The subject was an 81-year old woman with a history of well-controlled hypertension, cardiac arrhythmia due to atrial fibrillation, and pulmonary thromboembolism treated with anticoagulants, as well as a previous hysterectomy. She presented at the Emergency Department with a three-day history of epigastric pain, nausea, and postprandial vomiting, as well as a 24-hour history of haematemesis. Neither fever nor jaundice was present. The abdomen was distended and tympanic. Palpation was painful in the right epigastrium and hypochondrium. No masses or enlarged organs were palpated, and Murphy’s sign was negative. Amongst routine investigations, only the c-reactive protein was abnormal: 8.70 mg/dL. A plain abdominal X-ray demonstrated the presence of pneumobilia (Figure 1). A gastroscopy was performed due to haematemesis. It showed the presence of a mass at the duodenal bulb with an embedded gallstone (Figure 2). Given that Bouveret syndrome was suspected, an abdominal CT scan was carried out, which demonstrated the presence of a cholecystoduodenal fistula and showed a 3 cm diameter gallstone at the duodenal bulb (Figures 3 and 4). Endoscopic extraction of the gallstone failed, and the patient underwent emergercy surgery. The surgical procedure revealed the presence of a collapsed, thickened-wall gallbladder and a cholecystoduodenal fistula. A gastrotomy was performed, a brown 4x3 cm gallstone was extracted after mobilization from the duodenum towards the stomach, and the fistulous hole was explored in detail (Figure 5). The gallbladder and the fistula were left intact. The postoperative outcome was satisfactory, and she is currently asymptomatic.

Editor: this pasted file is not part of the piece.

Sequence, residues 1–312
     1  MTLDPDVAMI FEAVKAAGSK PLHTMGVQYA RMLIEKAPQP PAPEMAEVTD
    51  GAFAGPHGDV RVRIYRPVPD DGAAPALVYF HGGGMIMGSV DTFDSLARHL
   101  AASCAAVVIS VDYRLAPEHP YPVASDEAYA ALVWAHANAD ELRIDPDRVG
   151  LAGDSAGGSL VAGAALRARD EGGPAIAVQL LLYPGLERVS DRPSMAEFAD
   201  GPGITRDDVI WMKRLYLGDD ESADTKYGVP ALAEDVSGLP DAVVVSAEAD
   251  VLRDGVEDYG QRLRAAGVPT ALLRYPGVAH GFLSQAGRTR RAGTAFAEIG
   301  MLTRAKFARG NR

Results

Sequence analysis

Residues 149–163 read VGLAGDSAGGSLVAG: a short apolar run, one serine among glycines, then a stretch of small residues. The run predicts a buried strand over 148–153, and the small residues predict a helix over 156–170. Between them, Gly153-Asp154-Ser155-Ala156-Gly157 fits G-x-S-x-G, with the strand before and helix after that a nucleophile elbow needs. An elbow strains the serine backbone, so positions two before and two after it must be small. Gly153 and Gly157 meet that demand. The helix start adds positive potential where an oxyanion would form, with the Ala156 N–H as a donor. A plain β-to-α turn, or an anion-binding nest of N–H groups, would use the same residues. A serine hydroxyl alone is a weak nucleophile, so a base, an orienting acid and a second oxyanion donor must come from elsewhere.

Discussion

Biliodigestive fistulas are rare, occurring in fewer than 1% of cholelithiasis patients. Most are cholecystoduodenal (60%), but cholecystocolonic (17%), cholecystogastric (5%), and cholecystoduodenal fistulas can also be found. Risk factors include a long history of cholelithiasis, recurrent episodes of acute cholecystitis, large stones (>2.5 cm), female gender, and advanced age. Most patients have small lithiases, which they eliminate through their faeces without causing any obstruction. Only 5-6% of patients develop gallstone ileus, the most common location of the obstruction being the terminal ileum (50-90% of cases), followed by the proximal ileum-jejunum (20-40%). The pyloric-duodenal location (true BS) is the least common (<5% of cases) [3,4].